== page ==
It is not quite as simple as that. All the documentation was made available to the panel, and I understand from the panel that it was very pleased with the co-operation it had from everybody—from the Government to the South Yorkshire police to the media. It feels it was given every document it needed to see—over 450,000 documents. The overwhelming majority of those will be published. The only documents that will not be published—this is set out in the way the panel was originally established—are those needed for individual data protection, so some will not be revealed. However, the panel has set out the process by which that will be judged. Let me emphasise that it is a decision for the panel, not for the Government. We have not held back anything.
This is the day when the 23-year-old campaign led by the bereaved, the traumatised and the injured was vindicated. I pay tribute to the work of the Bishop of Liverpool and his panel in demonstrating so conclusively what had been suspected for so long—that there had been a major and systematic cover-up. Can the Prime Minister give us an absolute assurance that in the three key areas—who was responsible for what happened, whether sufficient lives were saved, and the critical issue of the inquest—he will keep Parliament informed about progress that can be made so that those who were bereaved and those who remain traumatised will at least start to feel that they are at the beginnings of receiving some kind of justice?
I can certainly give the hon. Lady that assurance. I think that the panel has done an excellent job, but, to be fair to it, it is not a coroner. Only the coroner can carry out a proper inquest. As I have said, there is very important evidence here for the Attorney-General to consider and to put in front of the High Court, but the panel cannot reach those judgments. Paragraph 60 says:
“It is not possible to establish whether a more effective emergency response would have saved the life of any one individual who died.”
But it then goes on to say, as I quoted in my statement, that
“a swifter, more appropriate, better focused and properly equipped response had the potential to save more lives.”
In the end, you need the precision of coroners’ reports to go into that sort of level of detail, but I think that the panel has done an extremely good job with what it had.
The Prime Minister has talked about getting it right.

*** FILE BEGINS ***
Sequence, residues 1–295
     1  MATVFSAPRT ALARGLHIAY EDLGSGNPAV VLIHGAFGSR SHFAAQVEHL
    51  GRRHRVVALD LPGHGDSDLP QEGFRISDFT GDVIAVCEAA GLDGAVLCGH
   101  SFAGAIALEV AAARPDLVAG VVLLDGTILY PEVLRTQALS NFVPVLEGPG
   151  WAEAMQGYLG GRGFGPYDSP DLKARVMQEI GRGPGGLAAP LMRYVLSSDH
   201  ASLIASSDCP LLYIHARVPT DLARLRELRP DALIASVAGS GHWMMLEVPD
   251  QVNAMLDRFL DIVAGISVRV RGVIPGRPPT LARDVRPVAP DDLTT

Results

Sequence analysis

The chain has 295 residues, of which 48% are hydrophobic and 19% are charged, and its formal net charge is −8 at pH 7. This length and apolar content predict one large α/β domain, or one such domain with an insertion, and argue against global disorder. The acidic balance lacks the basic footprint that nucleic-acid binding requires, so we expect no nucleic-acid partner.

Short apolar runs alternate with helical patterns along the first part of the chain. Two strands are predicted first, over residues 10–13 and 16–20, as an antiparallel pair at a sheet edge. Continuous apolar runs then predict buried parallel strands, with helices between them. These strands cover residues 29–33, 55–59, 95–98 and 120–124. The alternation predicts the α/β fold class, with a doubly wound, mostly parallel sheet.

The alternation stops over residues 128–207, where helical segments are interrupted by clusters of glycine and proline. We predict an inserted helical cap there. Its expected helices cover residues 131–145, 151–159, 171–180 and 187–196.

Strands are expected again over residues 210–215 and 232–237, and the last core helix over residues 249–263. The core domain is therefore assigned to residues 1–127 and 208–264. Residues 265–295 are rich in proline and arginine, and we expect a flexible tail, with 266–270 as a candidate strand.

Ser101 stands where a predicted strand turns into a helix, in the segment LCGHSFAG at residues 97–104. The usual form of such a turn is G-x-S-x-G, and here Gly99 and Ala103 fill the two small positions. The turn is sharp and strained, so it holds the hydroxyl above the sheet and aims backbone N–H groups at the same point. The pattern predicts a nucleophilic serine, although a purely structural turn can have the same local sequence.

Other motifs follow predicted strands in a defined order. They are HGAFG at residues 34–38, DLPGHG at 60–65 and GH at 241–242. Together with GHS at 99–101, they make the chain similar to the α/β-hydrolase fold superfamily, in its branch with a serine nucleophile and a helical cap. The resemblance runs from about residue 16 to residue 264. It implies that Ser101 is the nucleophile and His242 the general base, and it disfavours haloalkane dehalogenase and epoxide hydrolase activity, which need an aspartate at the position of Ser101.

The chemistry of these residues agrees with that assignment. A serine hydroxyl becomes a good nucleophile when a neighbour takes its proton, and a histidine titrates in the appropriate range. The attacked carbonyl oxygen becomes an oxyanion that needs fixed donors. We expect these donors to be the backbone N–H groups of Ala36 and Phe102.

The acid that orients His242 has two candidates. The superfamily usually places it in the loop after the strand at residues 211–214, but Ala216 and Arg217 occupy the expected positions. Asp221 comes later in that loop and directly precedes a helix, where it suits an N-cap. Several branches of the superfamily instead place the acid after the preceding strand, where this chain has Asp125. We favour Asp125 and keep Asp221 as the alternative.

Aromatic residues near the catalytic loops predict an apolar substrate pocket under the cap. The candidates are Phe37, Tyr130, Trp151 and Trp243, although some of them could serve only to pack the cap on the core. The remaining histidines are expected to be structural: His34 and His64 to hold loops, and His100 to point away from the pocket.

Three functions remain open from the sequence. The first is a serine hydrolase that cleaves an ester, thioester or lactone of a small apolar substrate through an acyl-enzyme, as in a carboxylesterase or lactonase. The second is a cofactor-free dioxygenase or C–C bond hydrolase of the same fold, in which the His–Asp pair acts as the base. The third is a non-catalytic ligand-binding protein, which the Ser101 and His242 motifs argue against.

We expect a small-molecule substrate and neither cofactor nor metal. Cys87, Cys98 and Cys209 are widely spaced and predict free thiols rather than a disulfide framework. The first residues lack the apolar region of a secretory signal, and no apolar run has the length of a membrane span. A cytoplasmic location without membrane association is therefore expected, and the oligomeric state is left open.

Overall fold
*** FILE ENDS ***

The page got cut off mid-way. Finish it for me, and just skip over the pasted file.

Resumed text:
Fourteen people were crushed to death around me at a funeral in El Salvador before this happened. As a Minister, I had to pay our respects to the 39 dead bodies at Heysel stadium.
Both at Hillsborough and at Heysel, people knew that the grounds were inadequate, and people had spoken about that in advance.
Could the Prime Minister say to people who want to be whistleblowers and alert people to dangers that they should be persistent and that their voices should be heard, and that when people afterwards find they have made a mistake, they should be prepared to say so early on?
My hon. Friend is entirely right in what he says. I think that this will be one of the things that come out of the report. It has been said before, and it has been known before, that there were problems with the ground, but the full extent of the fact that previous events had had similar problems and that there were quite detailed reports about the failings at the ground will be a very important part of the report. As he says, we do need people to whistleblow and to point these things out.
I also welcome the content and the tone of the Prime Minister’s statement. If, having studied the papers, either he or the Home Secretary finds that there is a case to be made for referring the conduct of the police to the Independent Police Complaints Commission, will he not hesitate to do so?
I would say to the right hon. Gentleman that people need to study the evidence in the report. The panel had access to all the documentation from the South Yorkshire police that it wanted. It is very important that politicians play their proper role in these things and the independent authorities play their proper role. There will be a lot of evidence that people want to look at before reaching those decisions.